From Terry in Dublin: Believe it or not I just saw you at Phoenix Bats last week and that was very cool. And I have a copy of your book that I got from you a couple of years ago. My question is…as baseball equipment evolves, has the baseball improved over the years, or is it pretty much the same as it was in the 50s and 60s?
TERRY: I remember meeting you at Phoenix and enjoyed our conversation. Since the 50s and 60s they’ve changed the cover from horsehide to cowhide. But the size, shape and weight have never changed. What has changed is the inside. Despite denials, they are winding the guts of the ball tighter and tighter to make the ball fly farther. Hence all the home runs these days. A couple of years ago the Reds players conducted an unscientific experiment. They had a new, never used baseball from 10 years ago and a ball that was in use that day. One of the players climbed a ladder and dropped the balls simultaneously to a concrete floor. The current ball in use bounced about two feet higher than the ball they once used. They say the balls aren’t ‘juiced.’ They aren’t. The insides are just wound tighter than my cheap uncle’s grip on a quarter.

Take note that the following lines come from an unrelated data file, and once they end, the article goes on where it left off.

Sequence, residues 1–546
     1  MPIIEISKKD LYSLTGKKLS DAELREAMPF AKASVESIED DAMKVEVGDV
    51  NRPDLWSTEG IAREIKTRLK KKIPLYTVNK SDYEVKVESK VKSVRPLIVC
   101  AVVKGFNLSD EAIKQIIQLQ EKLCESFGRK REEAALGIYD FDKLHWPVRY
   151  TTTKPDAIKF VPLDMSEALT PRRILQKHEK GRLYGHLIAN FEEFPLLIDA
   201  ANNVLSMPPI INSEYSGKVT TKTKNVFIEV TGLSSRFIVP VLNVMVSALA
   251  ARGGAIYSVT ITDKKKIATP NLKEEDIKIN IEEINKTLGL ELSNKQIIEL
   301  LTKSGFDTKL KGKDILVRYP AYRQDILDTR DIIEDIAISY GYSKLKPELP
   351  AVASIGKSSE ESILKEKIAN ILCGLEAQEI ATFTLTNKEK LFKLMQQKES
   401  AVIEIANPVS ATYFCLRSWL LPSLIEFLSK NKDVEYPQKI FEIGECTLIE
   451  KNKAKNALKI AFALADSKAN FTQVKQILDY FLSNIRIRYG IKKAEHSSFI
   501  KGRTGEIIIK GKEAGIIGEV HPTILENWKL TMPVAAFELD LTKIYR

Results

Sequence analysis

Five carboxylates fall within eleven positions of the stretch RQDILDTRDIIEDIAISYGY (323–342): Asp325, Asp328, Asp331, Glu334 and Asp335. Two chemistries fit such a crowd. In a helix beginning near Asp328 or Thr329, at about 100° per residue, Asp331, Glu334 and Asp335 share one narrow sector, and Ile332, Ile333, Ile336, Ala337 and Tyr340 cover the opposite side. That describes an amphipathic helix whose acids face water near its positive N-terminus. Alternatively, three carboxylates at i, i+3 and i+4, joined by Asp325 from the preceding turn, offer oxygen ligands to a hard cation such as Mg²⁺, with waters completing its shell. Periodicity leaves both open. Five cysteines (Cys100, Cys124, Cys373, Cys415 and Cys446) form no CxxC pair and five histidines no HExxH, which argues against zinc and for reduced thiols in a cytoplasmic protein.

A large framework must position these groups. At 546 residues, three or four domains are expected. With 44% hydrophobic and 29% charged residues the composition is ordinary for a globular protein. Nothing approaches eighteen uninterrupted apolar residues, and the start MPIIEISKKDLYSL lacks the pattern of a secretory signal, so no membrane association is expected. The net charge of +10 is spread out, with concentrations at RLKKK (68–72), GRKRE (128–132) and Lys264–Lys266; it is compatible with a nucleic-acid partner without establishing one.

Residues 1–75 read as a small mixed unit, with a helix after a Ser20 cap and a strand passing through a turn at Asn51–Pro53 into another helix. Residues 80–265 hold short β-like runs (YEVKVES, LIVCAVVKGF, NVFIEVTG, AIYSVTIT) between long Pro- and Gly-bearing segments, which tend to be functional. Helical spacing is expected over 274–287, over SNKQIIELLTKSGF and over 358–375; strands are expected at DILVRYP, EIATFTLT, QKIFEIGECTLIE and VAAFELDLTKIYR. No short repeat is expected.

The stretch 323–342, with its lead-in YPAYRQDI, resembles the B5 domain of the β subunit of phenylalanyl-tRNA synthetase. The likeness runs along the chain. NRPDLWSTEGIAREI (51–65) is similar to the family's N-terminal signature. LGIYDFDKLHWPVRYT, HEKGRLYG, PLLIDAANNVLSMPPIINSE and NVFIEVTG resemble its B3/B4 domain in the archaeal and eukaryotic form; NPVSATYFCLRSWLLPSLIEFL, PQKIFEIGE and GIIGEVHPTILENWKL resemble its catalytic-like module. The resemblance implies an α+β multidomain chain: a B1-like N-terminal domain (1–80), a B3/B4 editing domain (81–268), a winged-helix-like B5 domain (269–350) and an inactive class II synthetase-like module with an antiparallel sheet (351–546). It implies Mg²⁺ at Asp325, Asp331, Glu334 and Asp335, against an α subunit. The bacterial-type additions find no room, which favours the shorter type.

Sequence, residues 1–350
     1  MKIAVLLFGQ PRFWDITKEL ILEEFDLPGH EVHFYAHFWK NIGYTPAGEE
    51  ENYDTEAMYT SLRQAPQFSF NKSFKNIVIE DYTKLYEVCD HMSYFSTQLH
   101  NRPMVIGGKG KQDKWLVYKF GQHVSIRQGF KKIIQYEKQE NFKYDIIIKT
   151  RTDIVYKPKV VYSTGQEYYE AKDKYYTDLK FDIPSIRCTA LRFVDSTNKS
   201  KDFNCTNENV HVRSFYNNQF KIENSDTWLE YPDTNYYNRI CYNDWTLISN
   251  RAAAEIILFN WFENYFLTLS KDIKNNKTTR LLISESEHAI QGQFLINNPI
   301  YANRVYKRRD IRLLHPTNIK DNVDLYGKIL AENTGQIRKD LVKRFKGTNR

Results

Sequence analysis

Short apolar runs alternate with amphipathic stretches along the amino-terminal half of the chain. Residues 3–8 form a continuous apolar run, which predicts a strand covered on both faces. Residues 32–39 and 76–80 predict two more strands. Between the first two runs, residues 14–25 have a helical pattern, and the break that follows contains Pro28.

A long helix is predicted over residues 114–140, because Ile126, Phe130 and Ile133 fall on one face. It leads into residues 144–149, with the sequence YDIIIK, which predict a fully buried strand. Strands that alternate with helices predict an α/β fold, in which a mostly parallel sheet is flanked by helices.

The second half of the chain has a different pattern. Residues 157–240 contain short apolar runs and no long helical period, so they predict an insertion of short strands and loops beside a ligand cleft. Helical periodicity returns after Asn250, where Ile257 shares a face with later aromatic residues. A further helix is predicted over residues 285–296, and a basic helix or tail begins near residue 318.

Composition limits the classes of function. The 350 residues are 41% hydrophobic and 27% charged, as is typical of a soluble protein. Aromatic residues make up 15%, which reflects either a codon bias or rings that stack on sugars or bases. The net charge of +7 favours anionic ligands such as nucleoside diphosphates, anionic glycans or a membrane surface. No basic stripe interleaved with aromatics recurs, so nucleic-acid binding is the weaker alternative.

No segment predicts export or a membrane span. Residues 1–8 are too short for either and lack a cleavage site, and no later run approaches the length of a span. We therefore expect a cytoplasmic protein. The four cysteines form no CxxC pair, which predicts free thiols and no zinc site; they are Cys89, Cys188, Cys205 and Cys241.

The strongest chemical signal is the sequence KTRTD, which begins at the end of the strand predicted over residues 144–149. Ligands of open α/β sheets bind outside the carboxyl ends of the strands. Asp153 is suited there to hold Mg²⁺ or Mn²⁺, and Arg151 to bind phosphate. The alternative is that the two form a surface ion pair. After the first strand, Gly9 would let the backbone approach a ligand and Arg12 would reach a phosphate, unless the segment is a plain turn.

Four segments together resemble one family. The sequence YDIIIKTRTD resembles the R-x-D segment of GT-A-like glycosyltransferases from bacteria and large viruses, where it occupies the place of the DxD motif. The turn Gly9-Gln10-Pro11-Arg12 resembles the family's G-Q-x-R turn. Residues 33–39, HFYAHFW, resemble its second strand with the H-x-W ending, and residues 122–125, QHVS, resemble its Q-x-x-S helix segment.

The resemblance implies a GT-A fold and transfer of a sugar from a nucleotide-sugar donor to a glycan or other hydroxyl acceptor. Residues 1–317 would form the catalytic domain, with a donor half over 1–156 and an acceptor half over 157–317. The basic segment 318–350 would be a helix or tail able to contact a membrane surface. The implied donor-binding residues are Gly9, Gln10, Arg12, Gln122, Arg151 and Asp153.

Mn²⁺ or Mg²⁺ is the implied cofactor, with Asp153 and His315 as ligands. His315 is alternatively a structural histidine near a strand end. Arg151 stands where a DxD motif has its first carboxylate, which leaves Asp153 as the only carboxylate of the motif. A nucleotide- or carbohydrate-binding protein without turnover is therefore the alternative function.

From Mike in Sidney: Hal, I always wondered how teams choose a home dugout. Is there a reason why the Reds sit on the first base side over the third?
MIKE: There is no rule as to which side of the field a home dugout much sit. It varies throughout baseball, some home dugouts on the first base side and some on the third base side. It is usually the way architects design the stadiums. What is always the same, though, is that the home clubhouse behind the dugout is palatial, as comfortable as it can be made. Meanwhile, on the other side, the visiting clubhouse is usually small and spartan. After all, the home team doesn’t want the visiting team to be comfortable. The visiting clubhouse in Great American Ball Park is about one-fifth the size of the home clubhouse and there are few creature comforts in the visiting clubhouse.